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What is Indigo?

Ancestral dye of plant origin. 

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Blue streaks have been found on Egyptian mummy cloth dating to around 2400 B.C. The earliest example of Indigo use is that of the Harappan civilization, in the Bronze Age, around the  3300 BC, located in areas of present-day India and Pakistan.

In the Northwest, Indigo was processed into small loaves for centuries, exported and brought to Europe, through trade routes (300 BC - 400 AD). The Greeks and Romans obtained small amounts of blue pigment in hard blocks, which is why they thought it was of mineral origin and considered it a luxury product, used for paints, medicines and cosmetics.

In the late 1200s, Marco Polo described that Indigo was not of mineral origin but was extracted from plants. At that time only small quantities of Indigo were available in Europe, due to the high cost  transportation and the tax imposed by merchants along the route.

At the end of the 15th century, Vasco de Gama rediscovered a new sea route to China through which Indigo was imported directly. Large Indigo plantations then began in India and, in 1600, large quantities were imported to Europe. The cost of the Indigo dropped considerably and it was called "Blue Gold",  because it was the ideal commercial product: great value, compact and durable.

Synthetic Indigo.

Already in the 19th century, the production of natural Indigo was not enough to satisfy the demand of the textile industry and, then, the search for synthetic Indigo began. In 1865, Adolf von Baeyer a German chemist began working on the synthesis of Indigo and in 1867, synthetic Indigo was launched on the market.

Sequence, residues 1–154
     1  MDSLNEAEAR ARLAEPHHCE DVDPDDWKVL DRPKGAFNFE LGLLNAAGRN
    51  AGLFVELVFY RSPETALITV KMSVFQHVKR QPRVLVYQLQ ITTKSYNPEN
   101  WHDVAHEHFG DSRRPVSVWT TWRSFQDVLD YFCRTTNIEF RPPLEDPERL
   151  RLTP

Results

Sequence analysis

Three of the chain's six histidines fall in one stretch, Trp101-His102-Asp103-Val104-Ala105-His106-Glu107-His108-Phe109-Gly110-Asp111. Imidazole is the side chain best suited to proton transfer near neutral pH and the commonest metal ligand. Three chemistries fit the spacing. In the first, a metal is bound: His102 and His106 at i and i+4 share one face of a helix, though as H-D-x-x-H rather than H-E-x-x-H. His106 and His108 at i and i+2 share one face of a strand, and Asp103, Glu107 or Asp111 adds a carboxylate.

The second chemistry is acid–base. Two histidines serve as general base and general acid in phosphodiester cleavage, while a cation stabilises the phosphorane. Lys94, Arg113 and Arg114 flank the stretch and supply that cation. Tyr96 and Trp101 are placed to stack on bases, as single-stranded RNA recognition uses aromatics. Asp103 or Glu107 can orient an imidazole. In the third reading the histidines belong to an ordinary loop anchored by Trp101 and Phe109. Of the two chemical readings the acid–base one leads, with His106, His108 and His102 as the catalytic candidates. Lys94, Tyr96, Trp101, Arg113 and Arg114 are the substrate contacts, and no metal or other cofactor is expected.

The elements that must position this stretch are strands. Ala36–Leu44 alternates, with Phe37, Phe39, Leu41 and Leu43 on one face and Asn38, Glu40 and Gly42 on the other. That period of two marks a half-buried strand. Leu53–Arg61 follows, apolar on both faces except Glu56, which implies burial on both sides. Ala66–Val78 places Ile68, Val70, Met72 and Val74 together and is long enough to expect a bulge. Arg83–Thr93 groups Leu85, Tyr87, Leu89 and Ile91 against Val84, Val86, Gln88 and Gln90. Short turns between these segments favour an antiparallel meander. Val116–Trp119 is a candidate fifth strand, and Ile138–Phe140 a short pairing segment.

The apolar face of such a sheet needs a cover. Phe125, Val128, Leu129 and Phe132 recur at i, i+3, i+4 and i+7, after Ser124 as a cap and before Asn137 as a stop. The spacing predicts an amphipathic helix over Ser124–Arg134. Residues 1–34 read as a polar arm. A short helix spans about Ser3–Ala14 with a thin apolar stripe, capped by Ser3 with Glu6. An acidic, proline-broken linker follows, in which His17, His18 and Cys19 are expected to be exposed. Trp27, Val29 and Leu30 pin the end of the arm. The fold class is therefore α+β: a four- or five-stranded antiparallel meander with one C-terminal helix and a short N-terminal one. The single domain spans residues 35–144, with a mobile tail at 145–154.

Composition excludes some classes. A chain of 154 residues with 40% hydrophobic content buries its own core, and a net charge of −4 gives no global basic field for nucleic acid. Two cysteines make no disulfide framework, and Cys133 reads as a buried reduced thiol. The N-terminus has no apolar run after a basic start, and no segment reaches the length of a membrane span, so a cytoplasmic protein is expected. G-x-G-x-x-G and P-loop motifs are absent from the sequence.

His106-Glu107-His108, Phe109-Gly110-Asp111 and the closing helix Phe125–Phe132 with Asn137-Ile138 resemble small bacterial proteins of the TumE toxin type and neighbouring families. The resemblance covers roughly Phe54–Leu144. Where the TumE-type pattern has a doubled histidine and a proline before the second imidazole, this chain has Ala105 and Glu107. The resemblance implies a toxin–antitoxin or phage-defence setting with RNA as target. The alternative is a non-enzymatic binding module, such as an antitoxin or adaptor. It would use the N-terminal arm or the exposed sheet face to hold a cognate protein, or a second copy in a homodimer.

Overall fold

At that time, Indigo Natural's production was 19,000 tons and an area of 7,000 km. 2 were dedicated to the cultivation of Indigo, mainly in India. The low cost of synthetic indigo exceeded the consumption of natural indigo for commercial use. This resulted in the fact that by 1914, Indigo's production had been reduced to just 1,000 tons. 

Currently, most commercial dyeing uses synthetic Indigo. In 2002 the production of synthetic Indigo was 17,000 tons. Although the current production of natural Indigo could not keep up with the demand for this dye, serious environmental problems and the increasing demand for natural and sustainable dyes could lead to a resurgence of the production of natural Indigo.

Indigo in Latin America.

In Latin America, the largest producer of natural Indigo is El Salvador, there Indigo plants grow on small farms and it is known throughout the world as Indigo Maya, with a very particular blue color.

Today, farmers are reviving the cultivation of Indigo which has been a traditional crop in that area since 1800.


Indigo Chemistry.

Indigo belongs to the class of dyes called vat dye, this means that its molecules are insoluble in water and in its original state it has no affinity for fiber. First, it must be chemically "reduced", that is, remove some or all of the oxygen.  to convert it into a soluble and fiber-related dye.

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